Freddie Gray Case Becomes Tense Near Close
A cloud of tension and mistrust between Baltimore prosecutors and the city’s police department is hanging over the high-profile trial of an officer charged with murder in the death of a Black prisoner whose neck was broken in a police transport van.
Testimony in the case ended Friday, though the biggest surprise in Officer Caesar Goodson’s trial came a day earlier. That’s when a high-ranking prosecutor said he tried to have the lead police detective removed from the case against six officers last year, because he believed she was “sabotaging the investigation.” It was just the opening salvo in an unusual expression of rancor between police and prosecutors in the trial over Freddie Gray’s death.
Detective Dawnyell Taylor went on to say she had problems with the integrity of Janice Bledsoe, a prosecutor in the case. Chief Deputy State’s Attorney Michael Schatzow countered that Bledsoe questioned Taylor’s integrity, as well. He suggested Taylor falsified notes about what a medical examiner initially believed was the cause of death. The detective’s notes indicate the medical examiner initially considered it an accident, but she later ruled Gray’s death a homicide. Schatzow suggested in court Dr. Carol Allan had been pressured by police to rule his death an accident.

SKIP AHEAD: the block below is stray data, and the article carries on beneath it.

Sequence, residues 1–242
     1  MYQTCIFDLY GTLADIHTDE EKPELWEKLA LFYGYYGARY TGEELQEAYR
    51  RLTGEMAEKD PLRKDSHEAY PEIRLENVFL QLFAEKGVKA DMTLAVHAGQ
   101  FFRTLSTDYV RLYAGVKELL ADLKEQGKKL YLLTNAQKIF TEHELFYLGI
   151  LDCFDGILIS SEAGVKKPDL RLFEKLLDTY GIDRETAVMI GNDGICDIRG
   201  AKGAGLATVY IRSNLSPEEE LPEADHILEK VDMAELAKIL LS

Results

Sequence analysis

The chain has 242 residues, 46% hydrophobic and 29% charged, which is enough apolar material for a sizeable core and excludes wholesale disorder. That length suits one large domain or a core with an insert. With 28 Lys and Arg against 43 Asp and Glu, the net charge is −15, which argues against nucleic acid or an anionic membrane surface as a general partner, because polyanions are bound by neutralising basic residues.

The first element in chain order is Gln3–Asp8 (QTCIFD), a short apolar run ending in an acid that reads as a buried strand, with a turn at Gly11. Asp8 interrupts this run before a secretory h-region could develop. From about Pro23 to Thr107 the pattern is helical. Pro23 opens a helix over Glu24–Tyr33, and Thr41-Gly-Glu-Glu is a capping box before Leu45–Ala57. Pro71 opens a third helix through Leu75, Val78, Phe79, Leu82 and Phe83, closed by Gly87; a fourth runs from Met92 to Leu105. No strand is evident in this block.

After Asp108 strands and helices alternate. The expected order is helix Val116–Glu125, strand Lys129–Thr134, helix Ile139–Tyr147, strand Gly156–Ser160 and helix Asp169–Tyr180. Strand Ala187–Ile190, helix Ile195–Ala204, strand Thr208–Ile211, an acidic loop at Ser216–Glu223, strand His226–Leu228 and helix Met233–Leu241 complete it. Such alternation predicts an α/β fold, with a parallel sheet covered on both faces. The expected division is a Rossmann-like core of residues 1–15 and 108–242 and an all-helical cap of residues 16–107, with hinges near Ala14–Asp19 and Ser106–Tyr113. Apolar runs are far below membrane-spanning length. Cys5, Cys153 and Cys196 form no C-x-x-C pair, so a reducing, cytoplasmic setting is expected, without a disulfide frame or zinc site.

The accusations were triggered by the judge’s finding that prosecutors violated discovery rules — for the second time in the trial — by not turning over Taylor’s notes about discussions with Allan. That paved the way for defense attorneys to call Taylor to the stand.
The resulting eruption, Thursday, still loomed over the trial a day later.
Prosecutors have yet to win a conviction in Gray’s April 2015 death, which sparked Baltimore’s worst civil unrest in decades.
Goodson, 46, is the third officer to go on trial. He was the van’s driver, and faces the most serious charge of second-degree “depraved heart” murder. He also is charged with manslaughter, assault, misconduct in office and reckless endangerment. Closing arguments were given on Monday.
Goodson, who is Black, declined to testify in his own defense. He was the only officer who didn’t make a statement to investigators.
Prosecutors contend Gray was given a “rough ride,” causing the injuries from which he died a week later. But Stanford Franklin, an expert on police training and practices, could not say for sure whether he believed there was evidence supporting a rough ride.